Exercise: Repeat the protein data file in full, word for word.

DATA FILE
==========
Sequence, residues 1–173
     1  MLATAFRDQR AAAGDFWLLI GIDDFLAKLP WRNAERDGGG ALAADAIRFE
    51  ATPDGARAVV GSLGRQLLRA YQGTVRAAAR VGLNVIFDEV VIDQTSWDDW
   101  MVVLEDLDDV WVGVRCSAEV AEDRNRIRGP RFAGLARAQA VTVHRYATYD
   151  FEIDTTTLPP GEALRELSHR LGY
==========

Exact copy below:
Sequence, residues 1–173
     1  MLATAFRDQR AAAGDFWLLI GIDDFLAKLP WRNAERDGGG ALAADAIRFE
    51  ATPDGARAVV GSLGRQLLRA YQGTVRAAAR VGLNVIFDEV VIDQTSWDDW
   101  MVVLEDLDDV WVGVRCSAEV AEDRNRIRGP RFAGLARAQA VTVHRYATYD
   151  FEIDTTTLPP GEALRELSHR LGY